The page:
United States’ DFC, Luhut discuss sovereign wealth fund. The United States-based International Development Finance Corporation (DFC) explored opportunities to invest in Indonesia’s sovereign wealth fund in a meeting with Coordinating Maritime Affairs and Investment Minister Luhut Pandjaitan on Friday.
DFC CEO Adam Boehler, accompanied by US Ambassador to Indonesia Sung Yong Kim, met with the senior minister as part of the agency’s itinerary during a visit to Jakarta this week.
The fund, which will soon be established awaiting derivative regulations of the Job Creation Law, is expected to “serve as an important instrument for infrastructure development in Indonesia”, according to a statement published by Luhut’s office on Friday.
Established in late 2019, the DFC finances development projects in lower- and middle-income countries.
The agency has expressed interest in investing in Indonesia’s planned sovereign wealth fund to finance infrastructure development across the archipelago.
President Joko “Jokowi” Widodo announced in January that the DFC was planning to allocate US$5 billion for investment in Indonesia. Boehler visited Jakarta in the same month, during which he held a meeting with the President.
During Friday’s meeting, Luhut claimed that the jobs law would improve the investment climate in the country while still prioritizing environmental and worker protection.
“Environmental sustainability is an integral part of risk-based licensing. For risky businesses, the environmental impact analysis [Amdal] is required before issuing a business permit,” Luhut said as quoted in the statement.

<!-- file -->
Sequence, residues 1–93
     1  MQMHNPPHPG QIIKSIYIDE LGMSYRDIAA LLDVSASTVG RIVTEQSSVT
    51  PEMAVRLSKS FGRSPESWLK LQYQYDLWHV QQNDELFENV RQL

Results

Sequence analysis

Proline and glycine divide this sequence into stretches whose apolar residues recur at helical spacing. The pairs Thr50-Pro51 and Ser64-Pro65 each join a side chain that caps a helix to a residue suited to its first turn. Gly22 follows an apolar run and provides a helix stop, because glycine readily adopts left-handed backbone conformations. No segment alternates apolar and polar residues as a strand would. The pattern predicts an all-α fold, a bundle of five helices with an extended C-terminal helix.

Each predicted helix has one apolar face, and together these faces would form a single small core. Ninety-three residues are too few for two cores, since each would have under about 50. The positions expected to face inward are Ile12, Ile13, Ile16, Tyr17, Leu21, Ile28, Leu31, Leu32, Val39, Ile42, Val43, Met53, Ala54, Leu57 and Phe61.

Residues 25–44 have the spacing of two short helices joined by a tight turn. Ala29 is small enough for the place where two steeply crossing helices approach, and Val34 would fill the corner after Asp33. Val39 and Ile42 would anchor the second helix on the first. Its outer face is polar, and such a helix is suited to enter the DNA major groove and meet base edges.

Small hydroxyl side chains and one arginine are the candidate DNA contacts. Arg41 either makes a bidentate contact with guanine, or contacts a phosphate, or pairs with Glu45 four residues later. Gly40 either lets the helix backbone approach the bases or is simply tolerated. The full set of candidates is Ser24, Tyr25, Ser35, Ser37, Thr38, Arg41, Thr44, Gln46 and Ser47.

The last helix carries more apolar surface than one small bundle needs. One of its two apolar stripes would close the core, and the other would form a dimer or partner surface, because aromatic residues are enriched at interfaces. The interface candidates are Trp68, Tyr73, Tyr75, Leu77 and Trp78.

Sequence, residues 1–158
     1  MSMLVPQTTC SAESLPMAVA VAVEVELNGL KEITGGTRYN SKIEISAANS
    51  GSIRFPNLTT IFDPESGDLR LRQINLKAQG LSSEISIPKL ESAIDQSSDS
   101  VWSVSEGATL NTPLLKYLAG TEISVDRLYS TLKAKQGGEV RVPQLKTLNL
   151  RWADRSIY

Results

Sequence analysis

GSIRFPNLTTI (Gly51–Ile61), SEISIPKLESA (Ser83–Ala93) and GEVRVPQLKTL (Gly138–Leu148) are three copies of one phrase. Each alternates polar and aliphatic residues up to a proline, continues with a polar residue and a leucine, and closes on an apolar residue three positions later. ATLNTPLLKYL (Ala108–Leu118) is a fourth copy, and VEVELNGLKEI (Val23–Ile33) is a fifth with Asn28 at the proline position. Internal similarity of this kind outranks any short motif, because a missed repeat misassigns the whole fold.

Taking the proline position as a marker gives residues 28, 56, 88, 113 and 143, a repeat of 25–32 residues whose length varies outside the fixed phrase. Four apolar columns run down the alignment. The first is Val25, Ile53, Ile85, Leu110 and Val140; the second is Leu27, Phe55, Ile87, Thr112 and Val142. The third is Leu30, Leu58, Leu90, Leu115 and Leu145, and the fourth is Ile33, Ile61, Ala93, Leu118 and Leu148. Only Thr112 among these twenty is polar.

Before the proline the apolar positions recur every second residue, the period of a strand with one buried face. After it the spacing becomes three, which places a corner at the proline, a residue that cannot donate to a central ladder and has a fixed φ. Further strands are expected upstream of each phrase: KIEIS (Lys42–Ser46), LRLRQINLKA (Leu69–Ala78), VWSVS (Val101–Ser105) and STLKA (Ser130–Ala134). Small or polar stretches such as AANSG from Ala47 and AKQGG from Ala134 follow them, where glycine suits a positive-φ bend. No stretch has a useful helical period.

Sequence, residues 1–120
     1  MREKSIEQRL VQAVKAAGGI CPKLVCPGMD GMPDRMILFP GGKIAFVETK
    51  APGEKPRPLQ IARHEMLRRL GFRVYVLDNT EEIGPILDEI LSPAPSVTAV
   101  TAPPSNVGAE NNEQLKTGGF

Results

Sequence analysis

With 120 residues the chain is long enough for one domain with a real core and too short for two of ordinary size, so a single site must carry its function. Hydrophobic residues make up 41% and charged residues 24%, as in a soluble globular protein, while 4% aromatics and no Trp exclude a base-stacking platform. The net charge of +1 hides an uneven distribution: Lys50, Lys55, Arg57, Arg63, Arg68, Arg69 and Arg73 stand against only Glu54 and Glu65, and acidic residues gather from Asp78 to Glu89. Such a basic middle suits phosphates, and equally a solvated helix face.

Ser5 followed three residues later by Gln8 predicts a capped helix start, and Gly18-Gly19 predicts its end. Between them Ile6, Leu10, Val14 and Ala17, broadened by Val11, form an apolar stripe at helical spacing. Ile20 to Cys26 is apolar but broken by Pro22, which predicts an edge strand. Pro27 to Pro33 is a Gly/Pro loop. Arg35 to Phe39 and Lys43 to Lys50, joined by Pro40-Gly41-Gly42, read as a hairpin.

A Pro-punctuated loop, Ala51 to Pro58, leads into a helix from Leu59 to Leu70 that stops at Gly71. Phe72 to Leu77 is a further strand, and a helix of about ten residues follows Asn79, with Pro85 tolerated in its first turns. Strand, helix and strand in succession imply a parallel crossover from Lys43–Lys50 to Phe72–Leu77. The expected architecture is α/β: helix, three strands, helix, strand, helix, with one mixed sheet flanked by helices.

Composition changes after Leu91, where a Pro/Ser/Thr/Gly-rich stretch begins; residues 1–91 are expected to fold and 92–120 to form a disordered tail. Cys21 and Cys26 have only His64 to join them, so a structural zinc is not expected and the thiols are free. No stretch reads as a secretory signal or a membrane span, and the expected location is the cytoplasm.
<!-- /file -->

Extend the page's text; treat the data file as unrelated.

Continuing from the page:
He went on to say that the Online Single Submission (OSS) system would make the licensing process more transparent.
In response, Boehler expressed his optimism that the Job Creation Law would serve as a breakthrough to fuel Indonesia’s economic growth.
The DFC has previously discussed a number of infrastructure projects with the government, including the LRT, the trans-Java and trans-Sumatra roads, the hydropower plant in North Kalimantan and other renewable energy projects across the archipelago.
In contrast to common practices such as raising sovereign funds from balance of payment surpluses, fiscal surpluses and privatization, the Indonesian government is attempting to bring foreign investment into the sovereign wealth fund scheme to finance Indonesia’s infrastructure projects.
Besides the DFC, other global financial investment institutions such as the Abu Dhabi Investment Authority and the Japan Bank for International Cooperation (JIBC) are also said to be among the investors in the fund. United States’ DFC, Luhut discuss sovereign wealth fund (alyThe Jakarta Post)